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This Christmas postcard, sent from Camp 59 by Robert Dickinson to his parents and young brother Len, reads:
“To Mum, Dad, and Len.
Laden with Good Wishes
“This sailing ship is carrying
A load of Xmas cheer
And luck and happiness enough
To last another year
“Greetings and Best Wishes
Robert’s ocean scene is full of happy detail. Wind fills the sails of the ship, named Len, and sends it on it’s merry way toward “Blighty” (a nickname for Britain). A gull carries a sign that reads “Good Luck” as it sails on a breeze overhead. One sailer, playing an accordion, balances on the bowsprit. Another, with broad-brimmed hat, lands a fish at the back of the ship.
This account is from the first of two interviews with Armie regarding his experience during World War II. Armie’s son Dennis Hill taped this conversation on February 21, 1976 in Phelps, Wisconsin.
Dennis edited the transcript; Armie also made a few additions and corrections to the story.
This portrait of Armie was created by an artist in North Africa.
En Route to Invasion
“On August 31, 1942 the troops in my company left the States. Our first stop was Antrim County, Ireland. We were in Ireland for a few weeks. Then they sent us to England—to Liverpool. In England we had an idea that we would be sent someplace, but we didn’t know where we would be sent. We had been given extra training. We had spent time getting all our equipment ready. Everything had to be covered with oil and grease so that it would be waterproof, and then we covered it with canvas.
“One day we were told to be ready to load on the ships. They took us in barges out to the ships. And the ship that I was loaded on—I was a sergeant and a squad-leader at the time—wasn’t a passenger ship but an old, Russian ship that had been used to carry freight. It really wasn’t sea-worthy. All around ships were being loaded. It took us several days to load and assemble the convoy. Finally, we set off from Liverpool.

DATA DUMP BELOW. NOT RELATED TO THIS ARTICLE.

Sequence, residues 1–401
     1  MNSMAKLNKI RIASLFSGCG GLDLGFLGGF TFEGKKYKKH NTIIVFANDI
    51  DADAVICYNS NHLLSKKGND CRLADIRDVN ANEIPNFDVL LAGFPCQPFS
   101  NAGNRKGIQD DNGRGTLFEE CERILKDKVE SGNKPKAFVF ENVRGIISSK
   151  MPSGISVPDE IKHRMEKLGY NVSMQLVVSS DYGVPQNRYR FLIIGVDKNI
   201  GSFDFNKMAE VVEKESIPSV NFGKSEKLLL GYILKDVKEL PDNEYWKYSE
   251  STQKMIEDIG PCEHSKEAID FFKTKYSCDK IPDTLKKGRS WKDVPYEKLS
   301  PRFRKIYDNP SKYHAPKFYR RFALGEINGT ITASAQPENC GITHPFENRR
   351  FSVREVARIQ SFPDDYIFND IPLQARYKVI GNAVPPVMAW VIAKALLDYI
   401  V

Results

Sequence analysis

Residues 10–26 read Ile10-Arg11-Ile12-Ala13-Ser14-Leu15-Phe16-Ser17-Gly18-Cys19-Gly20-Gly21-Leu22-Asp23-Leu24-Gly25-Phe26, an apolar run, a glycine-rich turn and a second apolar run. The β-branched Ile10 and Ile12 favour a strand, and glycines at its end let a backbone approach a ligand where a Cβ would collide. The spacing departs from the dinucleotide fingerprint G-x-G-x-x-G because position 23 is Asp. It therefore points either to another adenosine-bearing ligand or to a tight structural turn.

“We were given orders to stay below deck. When we were allowed on deck, we weren’t supposed to throw anything in the water that would give a clue as to the trail of the ships. When we did throw anything overboard—garbage or anything—it was always at night.
This account of Armie Hill’s early service experience, from induction and training through combat and capture, is based on the second of two tape-recorded interviews Armie made with his son Dennis.
This conversation was recorded on August 24–26, 1987 in Phelps, Wisconsin. Dennis edited the transcript and made a few additions and corrections that Armie requested.
Armie Hill at Fort Ord, California, 1941
First Year in Service
“I’ll start my story from the beginning, when I was first inducted into the service. I received my draft notice 1940 and signed up for selective service. Word came that December that I would be called, and I was inducted into the service in January 1941.
“This was the first draft and I was one of the first men drafted from Vilas County. There were about seven of us who were drafted from Vilas County, and I was the first one from the town of Phelps. We went to the courthouse in Eagle River and we were driven by bus—I think it was to the train station—and then we took a train to Chicago, and then from Chicago to Fort Sheridan, Illinois.
“At Fort Sheridan we were selected to go to Fort Ord in California. We went by train and it took us several days to get there.
“At that time, Fort Ord had been a tent camp—everyone had been living in tents. Before we arrived, new barracks had just been hastily put up and everything at the fort was still a mess. A lot of the work was still undone. The streets were sand. It was raining. We hadn’t had basic training, so we got all of our training there at Fort Ord.
“All was confusion there. I thought to myself, ‘If they’d just let me out, I’d walk home.’